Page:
Friday, 16 February 2018

Book Review: Frog by Mo Yan history of twentieth-century China is one of many violent changes that made the masses suffer a lot, but because of the geographical, cultural and political distance Westerners like me know very little about it. Above all the daily lives of the average people under the strict guidance of the Communist Party lie widely in the dark. The letters forming the epistolary novel Frog by Mo Yan, the controversial Chinese recipient of the Nobel Prize in Literature 2012, evoke the life of a woman born in 1937 who was an obstetrician in Northeast Gaomi Township for over fifty years. She started her career delivering babies in the prosperous first decades under the reign of Chairman Mao and as a loyal Party Member she eventually hunted women pregnant for a repeated time to implement the one-child policy and abort the foetus however late. Her nephew’s wife dies in such a procedure.

Mo Yan (莫言) was born Guan Moye (管谟业) in Dalan township, Gaomi, Shandong, China, in February 1955. In 1967, two years into the cultural revolution, he had to leave school and did whatever work he could in the village brigade. After a stint in a cotton factory, he joined the People’s Liberation Army in 1976 and still a soldier he began to write when the cultural revolution ended. In 1984 he received a first literary award, went to People's Liberation Army Arts College and brought out the novella A Transparent Radish (透明的红萝卜) adopting for the first time his pen name Mo Yan meaning “don't speak” in Chinese. The novel Red Sorghum (红高粱家族) that established him as a writer came out in 1986 and was followed by many short stories, novellas and, most importantly, novels like The Garlic Ballads (天堂蒜薹之歌: 1988), The Republic of Wine (酒国: 1993), Big Breasts & Wide Hips (丰乳肥臀: 1995), Sandalwood Death (檀香刑: 2001), Pow! (四十一炮: 2003), Life and Death Are Wearing Me Out (生死疲劳: 2006), and Frog (: 2009). In 2012 the Swedish Academy awarded the Nobel Prize in Literature to the writer. Mo Yan lives in Beijing, China.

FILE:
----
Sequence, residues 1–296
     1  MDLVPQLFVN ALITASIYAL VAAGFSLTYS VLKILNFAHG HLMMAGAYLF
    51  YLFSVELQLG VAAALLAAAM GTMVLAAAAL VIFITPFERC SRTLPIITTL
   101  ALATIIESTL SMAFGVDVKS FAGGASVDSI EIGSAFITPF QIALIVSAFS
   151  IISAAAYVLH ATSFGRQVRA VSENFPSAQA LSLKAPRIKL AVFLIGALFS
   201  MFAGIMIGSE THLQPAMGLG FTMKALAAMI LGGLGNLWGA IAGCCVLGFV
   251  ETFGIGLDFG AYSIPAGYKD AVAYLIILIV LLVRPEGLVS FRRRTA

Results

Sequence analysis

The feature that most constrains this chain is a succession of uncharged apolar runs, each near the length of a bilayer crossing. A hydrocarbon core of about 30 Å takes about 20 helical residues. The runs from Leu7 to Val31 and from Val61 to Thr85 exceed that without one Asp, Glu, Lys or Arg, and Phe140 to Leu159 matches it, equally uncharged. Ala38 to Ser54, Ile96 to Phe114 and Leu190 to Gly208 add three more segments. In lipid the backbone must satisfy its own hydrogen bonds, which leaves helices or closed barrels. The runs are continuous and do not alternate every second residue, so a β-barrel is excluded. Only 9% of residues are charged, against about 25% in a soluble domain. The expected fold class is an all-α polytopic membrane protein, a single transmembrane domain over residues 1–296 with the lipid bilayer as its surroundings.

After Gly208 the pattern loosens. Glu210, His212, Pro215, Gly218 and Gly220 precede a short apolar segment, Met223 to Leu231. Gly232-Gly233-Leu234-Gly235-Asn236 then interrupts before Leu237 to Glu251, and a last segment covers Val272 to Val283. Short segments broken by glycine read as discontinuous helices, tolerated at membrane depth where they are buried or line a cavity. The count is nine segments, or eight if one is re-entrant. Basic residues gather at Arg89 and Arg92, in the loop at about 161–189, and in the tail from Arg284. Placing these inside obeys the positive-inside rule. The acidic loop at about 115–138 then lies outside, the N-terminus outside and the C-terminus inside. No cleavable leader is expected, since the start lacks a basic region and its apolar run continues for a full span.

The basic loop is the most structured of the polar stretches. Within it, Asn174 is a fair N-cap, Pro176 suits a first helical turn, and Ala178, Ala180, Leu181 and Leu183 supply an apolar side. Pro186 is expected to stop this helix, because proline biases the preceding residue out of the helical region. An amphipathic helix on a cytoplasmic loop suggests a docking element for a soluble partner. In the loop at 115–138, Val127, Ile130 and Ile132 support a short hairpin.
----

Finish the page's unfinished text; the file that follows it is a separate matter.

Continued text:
In March 2002, the middle-aged playwright Tadpole writes the first of a series of letters to his much-admired teacher or tutor who has returned to Japan recently. Frog is his side of a seven-year correspondence that centres on his aunt, the obstetrician Wan Xin who is a legend in the Northeast Gaomi Township under her nickname Gugu. As a girl, she was held hostage by a commander of the Japanese occupation army together with mother and grandmother, while a landmine killed her father. After China’s Liberation, Gugu went to the prefectural medical school to follow in her late father’s footsteps.
“[… ] She graduated at the age of sixteen and was assigned to the township health centre, where she undertook a training course for modern birthing methods organised by the county health bureau. Gugu forged an unbreakable bond with the sacred work of obstetrics.”
A year later Gugu delivered the first babies, among them Tadpole. News of her skill quickly spread in the region and put the old midwives out of work in no time, while years of prosperity and population growth hardly left Gugu time to rest. In 1955, she joined the Communist party and, to her family’s great relief, she got engaged to an air force pilot. Her fiancé almost ruined her life, though, defecting to Taiwan and subjecting her to suspicion. Then came the famine and birth-rates dropped to zero for over two years. Autumn 1962 brought an exceedingly good harvest.